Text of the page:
Gynecomastia : Those men who have breasts

 By Doctor Hugues Hennebert

  •  Gynecomastia is a benign phenomenon but frequently with a psychological negative impact.
  • Gynecomastia consists in men’s breast hypertrophy. How does it happen?

When to see a Doctor? How to treat it?

 Everyone has a sexual hormonal production. Commonly it’s testosterone for male and oestrogen for female.

The hormones testosterone and oestrogen control the development and maintenance of sex characteristics in both men and women. Testosterone controls male traits, such as muscle mass and body hair. Oestrogen controls female traits, including the growth of breasts.

How does it happen?

 In physiological conditions the mammary gland will not develop for male. Gland will remain immature.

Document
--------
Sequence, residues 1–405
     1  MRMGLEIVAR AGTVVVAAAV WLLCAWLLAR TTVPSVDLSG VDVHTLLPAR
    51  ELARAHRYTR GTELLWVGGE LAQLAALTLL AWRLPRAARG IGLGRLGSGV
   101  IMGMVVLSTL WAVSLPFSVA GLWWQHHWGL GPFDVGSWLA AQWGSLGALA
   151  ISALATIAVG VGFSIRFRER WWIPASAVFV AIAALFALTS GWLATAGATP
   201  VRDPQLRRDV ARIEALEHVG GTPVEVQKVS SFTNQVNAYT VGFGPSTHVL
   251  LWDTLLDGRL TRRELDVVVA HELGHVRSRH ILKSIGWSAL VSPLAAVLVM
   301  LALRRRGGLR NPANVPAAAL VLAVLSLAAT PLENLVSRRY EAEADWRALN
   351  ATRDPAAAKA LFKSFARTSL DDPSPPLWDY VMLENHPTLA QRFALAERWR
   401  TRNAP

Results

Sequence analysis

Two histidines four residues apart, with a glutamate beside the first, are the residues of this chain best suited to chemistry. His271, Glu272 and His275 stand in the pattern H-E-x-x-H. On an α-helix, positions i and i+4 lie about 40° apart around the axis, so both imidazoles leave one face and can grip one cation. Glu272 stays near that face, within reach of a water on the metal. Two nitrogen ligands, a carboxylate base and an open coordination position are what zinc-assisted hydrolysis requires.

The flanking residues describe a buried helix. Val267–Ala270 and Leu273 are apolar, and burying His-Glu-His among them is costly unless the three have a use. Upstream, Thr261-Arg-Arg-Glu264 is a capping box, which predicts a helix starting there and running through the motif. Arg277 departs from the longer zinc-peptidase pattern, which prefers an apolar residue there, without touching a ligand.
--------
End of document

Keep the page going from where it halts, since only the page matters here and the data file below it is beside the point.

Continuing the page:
Gynecomastia is a swelling of the breast tissue in boys or men, caused by an imbalance of the oestrogen and testosterone. Gynecomastia can affect one or both breasts, sometimes unevenly.

Gynecomastia is different from adipomastia. In adipomastia, patients have an excess of fat, often associated with overweight.

In many cases, both can be associated.

Usually, Gynecomastia begins around 12 years old at the time of puberty.

Gynecomastia may go away on its own at the end of puberty.

But sometimes, fibrosis appears and glandular tissue will not decrease.

Breast takes a definitive shape that can be psychologically very difficult to support for a teenager or a young adult.

It can induce a loss of self-confidence, a fear of slim clothes, and self-limitation of pools, beaches, and swimming activities. In those cases, medication or surgery may help.